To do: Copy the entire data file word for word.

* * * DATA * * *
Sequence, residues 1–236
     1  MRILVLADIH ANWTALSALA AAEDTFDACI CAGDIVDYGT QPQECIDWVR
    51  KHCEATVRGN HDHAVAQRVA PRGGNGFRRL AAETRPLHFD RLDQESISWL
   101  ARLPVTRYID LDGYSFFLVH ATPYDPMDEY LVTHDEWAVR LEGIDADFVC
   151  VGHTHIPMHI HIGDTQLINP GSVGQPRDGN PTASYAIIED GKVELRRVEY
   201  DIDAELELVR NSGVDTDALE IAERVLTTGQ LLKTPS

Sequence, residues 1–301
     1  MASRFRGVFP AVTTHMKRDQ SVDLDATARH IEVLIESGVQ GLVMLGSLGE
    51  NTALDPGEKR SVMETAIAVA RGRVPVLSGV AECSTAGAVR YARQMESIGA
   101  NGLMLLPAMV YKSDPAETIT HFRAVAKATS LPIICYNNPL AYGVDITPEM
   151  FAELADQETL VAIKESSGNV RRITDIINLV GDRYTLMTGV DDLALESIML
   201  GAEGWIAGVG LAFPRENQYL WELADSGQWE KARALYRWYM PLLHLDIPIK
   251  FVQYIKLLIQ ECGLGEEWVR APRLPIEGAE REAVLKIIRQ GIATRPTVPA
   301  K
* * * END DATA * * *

Sequence, residues 1–236
     1  MRILVLADIH ANWTALSALA AAEDTFDACI CAGDIVDYGT QPQECIDWVR
    51  KHCEATVRGN HDHAVAQRVA PRGGNGFRRL AAETRPLHFD RLDQESISWL
   101  ARLPVTRYID LDGYSFFLVH ATPYDPMDEY LVTHDEWAVR LEGIDADFVC
   151  VGHTHIPMHI HIGDTQLINP GSVGQPRDGN PTASYAIIED GKVELRRVEY
   201  DIDAELELVR NSGVDTDALE IAERVLTTGQ LLKTPS

Sequence, residues 1–301
     1  MASRFRGVFP AVTTHMKRDQ SVDLDATARH IEVLIESGVQ GLVMLGSLGE
    51  NTALDPGEKR SVMETAIAVA RGRVPVLSGV AECSTAGAVR YARQMESIGA
   101  NGLMLLPAMV YKSDPAETIT HFRAVAKATS LPIICYNNPL AYGVDITPEM
   151  FAELADQETL VAIKESSGNV RRITDIINLV GDRYTLMTGV DDLALESIML
   201  GAEGWIAGVG LAFPRENQYL WELADSGQWE KARALYRWYM PLLHLDIPIK
   251  FVQYIKLLIQ ECGLGEEWVR APRLPIEGAE REAVLKIIRQ GIATRPTVPA
   301  K